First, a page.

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Introduction To Theory And Practice (Case Study Sample)


Assignment Overview
This Case Assignment involves an in-depth analysis of Kohlberg's theory of moral development, which is a stage-based model of moral maturity to:
Understand the impact theory can have on educational and/or health science research.
Investigate, analyze, and critique theory and/or theoretical perspective(s) in a study.
Before beginning this assignment, please examine the required reading materials in the background and view the following videos:
Episode 149: Kohlberg's Stages of Moral Development
Kohlberg, Gilligan & Moral Development
Case Assignment
Write a 4- to 5-page paper in which you:
Part I
Examine and discuss Kohlberg's theory of moral development and discuss the following:
How does Kohlberg define moral development and moral maturity?
From a historical perspective, how did his theory change over time? What are some of the criticisms of his theory?
How can Kohlberg's theory be used in educational and/or health science research today?
Address any insights on the role of theory in research gained from the readings.
Part II
Identify and read a study of choice that looks at Kohlberg's theory of moral development related to health science discipline.
Identify and explain the authors' stated or implied purpose.
Investigate and critically analyze the studies' use of Kohlberg's theory of moral development and/or theoretical perspectives.
Do the findings/results of this study support Kohlberg's theory of moral development? If so, how? If not, why?


Introduction to Theory and Practice
Introduction to Theory and Practice
Part One
Ethics and moral principles help people distinguish between right and wrong. Ethics determine how people behave. But making the right decision is not normally easy. To try to explain why people behave the way they do, Kholberg developed his own theory of moral development that he defined through three stages. They included preconventional, conventional, and postconventional stages and each stage was divided into two parts (Walrath, 2011). In his belief, moral development starts off at an early age with the preconventional stage and then transitions to reach postcoventional stage. Therefore, Kholberg held that moral development referred to how people reasoned about morality and how they behaved when faced with moral issues (Bandura, 2014). Moral maturity is reached at the postconvetional stage. At moral maturity, people are able to define their own moral values and principles and they do not rely on what the society or the law wants.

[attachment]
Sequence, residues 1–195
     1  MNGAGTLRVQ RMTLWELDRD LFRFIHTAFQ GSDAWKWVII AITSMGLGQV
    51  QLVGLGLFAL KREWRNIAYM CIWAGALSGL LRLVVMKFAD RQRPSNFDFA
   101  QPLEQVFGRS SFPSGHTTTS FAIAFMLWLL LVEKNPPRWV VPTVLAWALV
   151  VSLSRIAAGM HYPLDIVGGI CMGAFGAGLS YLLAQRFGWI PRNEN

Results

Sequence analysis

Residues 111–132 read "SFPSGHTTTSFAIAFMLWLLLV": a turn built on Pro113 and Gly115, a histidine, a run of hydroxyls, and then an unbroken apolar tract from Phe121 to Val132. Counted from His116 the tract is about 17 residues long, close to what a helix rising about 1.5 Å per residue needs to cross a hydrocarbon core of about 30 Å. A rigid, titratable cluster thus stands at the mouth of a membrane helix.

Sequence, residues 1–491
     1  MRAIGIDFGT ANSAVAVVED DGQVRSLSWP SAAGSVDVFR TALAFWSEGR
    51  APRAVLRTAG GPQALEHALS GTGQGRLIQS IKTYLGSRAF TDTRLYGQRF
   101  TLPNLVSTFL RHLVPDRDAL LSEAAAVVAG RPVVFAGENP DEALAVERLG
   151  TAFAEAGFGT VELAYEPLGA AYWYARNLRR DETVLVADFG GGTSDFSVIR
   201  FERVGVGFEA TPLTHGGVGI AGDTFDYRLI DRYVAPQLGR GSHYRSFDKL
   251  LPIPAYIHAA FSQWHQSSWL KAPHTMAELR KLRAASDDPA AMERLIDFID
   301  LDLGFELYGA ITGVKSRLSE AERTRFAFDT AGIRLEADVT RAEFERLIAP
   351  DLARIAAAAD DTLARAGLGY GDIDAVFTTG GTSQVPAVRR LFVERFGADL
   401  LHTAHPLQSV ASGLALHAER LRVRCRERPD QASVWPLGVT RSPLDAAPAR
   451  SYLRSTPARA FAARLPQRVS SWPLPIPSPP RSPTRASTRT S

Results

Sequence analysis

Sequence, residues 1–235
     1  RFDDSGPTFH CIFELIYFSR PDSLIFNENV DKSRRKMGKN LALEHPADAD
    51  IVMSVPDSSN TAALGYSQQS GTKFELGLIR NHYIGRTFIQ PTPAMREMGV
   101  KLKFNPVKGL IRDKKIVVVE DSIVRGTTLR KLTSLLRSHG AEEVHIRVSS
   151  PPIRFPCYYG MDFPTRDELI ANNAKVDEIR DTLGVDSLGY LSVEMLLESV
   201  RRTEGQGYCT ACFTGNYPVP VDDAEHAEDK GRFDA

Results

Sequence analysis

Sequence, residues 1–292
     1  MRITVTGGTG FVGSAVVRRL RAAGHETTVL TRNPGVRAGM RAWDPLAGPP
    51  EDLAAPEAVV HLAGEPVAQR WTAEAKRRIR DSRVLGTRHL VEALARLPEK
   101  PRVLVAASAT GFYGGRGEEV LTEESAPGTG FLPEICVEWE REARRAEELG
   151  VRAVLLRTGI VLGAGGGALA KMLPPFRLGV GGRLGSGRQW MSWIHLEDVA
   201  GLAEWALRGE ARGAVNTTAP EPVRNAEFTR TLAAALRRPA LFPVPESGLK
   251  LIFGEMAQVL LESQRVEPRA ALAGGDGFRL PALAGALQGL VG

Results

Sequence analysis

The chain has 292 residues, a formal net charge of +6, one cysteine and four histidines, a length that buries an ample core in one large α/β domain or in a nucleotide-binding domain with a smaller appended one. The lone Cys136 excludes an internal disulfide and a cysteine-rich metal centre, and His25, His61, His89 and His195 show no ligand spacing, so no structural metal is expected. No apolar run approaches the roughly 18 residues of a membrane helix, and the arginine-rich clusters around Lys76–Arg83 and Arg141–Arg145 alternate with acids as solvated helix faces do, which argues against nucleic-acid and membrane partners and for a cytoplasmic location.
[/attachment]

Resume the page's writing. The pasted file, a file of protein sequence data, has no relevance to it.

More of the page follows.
Not a lot of changes have been made concerning the theory. However, the theory has been used widely in psychology and education. The theory has been praised over the years for providing a good explanation on the moral development of children. However, there have been several criticisms towards the theory. The first is that the dilemmas used to arrive at the theory are mostly artificial (Kurtines, Gewirtz& Lamb, 2014). A great case was the Heinz dilemma. Whereas Kohlberg uses a case of an adult, many of his subjects are kids. The sample used is also biased. The theory was based on all male samples. Therefore, the stages just reflect the definition of males about morality. Consequently, it is illogical to use it for the morality of ladies. Men's morality relies on abstract principles whereas that of women is based on principles of care and compassion showing that there is a sharp contrast between them.Critics have also raised issues whether there are distinct stages of moral development. There is no concrete evidence to support the existence of distinct moral developments. The reasoning between right and wrong relies less on the general rules and more about the prevailing situation (Kurtines et al., 2014).
In education, the theory can be used in a classroom where consequences, rules, and standards are concerned. Educators can determine where the personal developments of their students lie, depending on Kohlberg's six stages. The educators can then use what they know to help their students achieve the best moral characters in response Kohlberg's six stages. Students can have a chance for self-evaluation and they can review their reasoning and determine the best way they can proceed into the future (Kurtines et al., 2014). Students can also use the theory to ensure that they develop their own understanding of the curriculum and avoid always relying on the teacher to tell them what do. The students are charged with ensuring they are responsible for their learning and they adhere to the goals of their

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